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Wednesday, 03 August 2011

Gone But Not Forgotten

By Madonna Dries Christensen of On Worlud Pond


When I was a child, my mother sometimes talked about her maternal grandfather who had been killed by lightning, along with a young daughter, Essie. The story, especially the girl, intrigued me.

As an adult doing genealogy, I uncovered the details through Henry O’Brien’s 1909 obituary in the Britt News Tribune. I had misunderstood; 12-year-old Essie did not die with her father; she’d been struck down 17 years earlier. I wrote about this coincidence, “Lightning Strikes Twice”, for Family Tree (December 2002) and for The Elder Storytelling Place (March 2010).

Essie was buried near Garner, Iowa, where the family lived at the time. Henry was buried in St. Patrick’s Cemetery near Britt, Iowa, where he had farmed. His wife, Bridget McLaughlin O’Brien, died in 1913 and was buried beside him. A year later, Alice Hahn joined her parents there.

A small metal plate is stuck into the ground marked each grave. On Henry’s and Bridget’s markers, their birth years were incorrect.

More than 100 years later, the O’Brien’s great-great-grandchild, Dawn Foley Huisenga, visited the cemetery and found the markers cast aside. She returned them to their proper place. Then, at a family reunion, she began a collection to purchase a permanent headstone bearing all three names.

Bridget O’Brien’s obituary in the Mason City Times stated,

“Mrs. O'Brien suffered intensely for five months with cancer. Her faithful companion at all times was her rosary and her crucifix. She made a request of one of her daughters to have a white lily and a crucifix in her hand when she was buried."

For the headstone design, Dawn requested a rosary wrapped around a crucifix, and a lily.

On Memorial Day weekend, 2011, three generations of the Foley clan traveled to Britt to dedicate the headstone. The sky loomed overcast and it rained in the morning, a reminder of the stormy afternoon when, seven miles away, a farmer in the harvest field “was hurled from this earth to eternity.”

But as the group of 15 gathered at the grave site, sunshine broke through. Dawn read Henry’s and Bridget’s obituaries and Mary Foley Palmer offered a prayer and spoke of how God works through families: “The commandments remind us to honor our mother and father, and we are honoring our great-great-grandparents with our ceremony today.”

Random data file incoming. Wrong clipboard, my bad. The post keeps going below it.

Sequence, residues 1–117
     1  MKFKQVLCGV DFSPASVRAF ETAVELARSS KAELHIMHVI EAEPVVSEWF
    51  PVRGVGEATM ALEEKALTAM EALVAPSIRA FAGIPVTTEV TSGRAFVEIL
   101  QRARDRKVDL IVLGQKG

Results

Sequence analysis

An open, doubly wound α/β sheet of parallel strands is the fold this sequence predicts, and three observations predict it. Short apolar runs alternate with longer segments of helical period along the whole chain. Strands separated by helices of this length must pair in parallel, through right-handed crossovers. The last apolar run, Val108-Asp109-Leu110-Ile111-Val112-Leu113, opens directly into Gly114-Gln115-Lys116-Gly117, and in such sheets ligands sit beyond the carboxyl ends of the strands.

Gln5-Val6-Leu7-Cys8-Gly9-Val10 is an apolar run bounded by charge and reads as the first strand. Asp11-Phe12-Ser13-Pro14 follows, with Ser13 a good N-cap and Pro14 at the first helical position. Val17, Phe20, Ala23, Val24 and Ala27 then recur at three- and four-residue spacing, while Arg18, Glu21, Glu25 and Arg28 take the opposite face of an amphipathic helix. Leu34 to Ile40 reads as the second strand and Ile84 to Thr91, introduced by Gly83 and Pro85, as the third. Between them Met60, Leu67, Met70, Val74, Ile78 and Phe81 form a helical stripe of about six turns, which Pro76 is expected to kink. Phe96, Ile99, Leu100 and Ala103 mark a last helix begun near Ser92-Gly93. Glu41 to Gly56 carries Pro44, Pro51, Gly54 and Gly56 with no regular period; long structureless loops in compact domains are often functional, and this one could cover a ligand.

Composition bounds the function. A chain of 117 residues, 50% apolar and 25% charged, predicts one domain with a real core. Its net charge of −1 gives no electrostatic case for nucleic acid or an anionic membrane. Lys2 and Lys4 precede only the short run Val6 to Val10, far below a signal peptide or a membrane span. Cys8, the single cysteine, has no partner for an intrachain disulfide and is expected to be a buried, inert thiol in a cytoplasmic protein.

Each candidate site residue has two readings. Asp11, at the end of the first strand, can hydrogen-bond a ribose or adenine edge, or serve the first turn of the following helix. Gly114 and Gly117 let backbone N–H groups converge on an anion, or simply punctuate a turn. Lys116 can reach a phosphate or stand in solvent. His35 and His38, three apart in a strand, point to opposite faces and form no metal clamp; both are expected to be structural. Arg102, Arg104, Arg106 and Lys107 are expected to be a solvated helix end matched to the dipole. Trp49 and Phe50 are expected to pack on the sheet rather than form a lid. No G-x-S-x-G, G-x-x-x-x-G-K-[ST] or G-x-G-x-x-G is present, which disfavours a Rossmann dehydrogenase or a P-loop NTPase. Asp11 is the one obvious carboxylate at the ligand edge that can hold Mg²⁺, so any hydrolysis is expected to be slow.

The relatives then held hands and recited The Lord’s Prayer.

The patriarch, Roger Foley, said, “It’s great that our kids would think about something like this. The history was new to me and it was great to find out about all of this. It was a touching story about the rosary, crucifix and lily, and I was happy to see it on the headstone.”

Roger’s daughter, Cynthia Ramirez, added, “It was a wonderful day. I wondered what Bridget and Henry would think - a hundred years later - their great, great-great, and great-great-great grandchildren dedicating a headstone for them. It was a proud feeling. I believe they were looking down and smiling on us.”

Great-great-granddaughter Karen Teeselink commented, “I was telling my daughter their story and my granddaughter was fascinated that these were also her relatives. She wants to do her own family tree, and I'll be happy to help her on her journey.”

An old adage claims that people are less afraid of dying than they are of being forgotten. Thanks to devoted genealogists in every generation, many of us have not — and will not — be forgotten.


[INVITATION: All elders, 50 and older, are welcome to submit stories for this blog. They can be fiction, non-fiction, poetry, memoir, etc. Instructions for submitting are here.]

Posted by Ronni Bennett at 05:30 AM | Permalink | Email this post


My mother was the historian of our family and kept old newspapers such as the Titanic sinking. Recently I learned the home of her ancestor Treasury Secy John Sloane was sold for $26,000 as it was in a commercial district. This was in Wooster, Ohio, and it makes me sad. Thank you for your reminder to us all. Pass the torch as you have done.

Thank you for this beautiful chapter of a family's history..my youngest sister is the geneologist (sp) of our family..has been doing it for years..now she teachs others in her church center how to begin and everytime I read a little story like your family's, it makes me wonder at the strength of people as they live their lives..no one ever knows what will happen in our times on the earth and getting to have a window into other folks' days and lives is always inspiring..love that the great, great grandchildren feel the kinship of the ages..I will get after my sister to read this piece...just loved it...

Thank you for this tender loving story. I am doing the genealogy of my family and find unusual and interesting stories. I enjoy sharing them too.

Very interesting and well written. The photos added so much to yur story. Thanks.

I really don't type so please forgive my unintended misspelling. I didn't hit the key hard enough.

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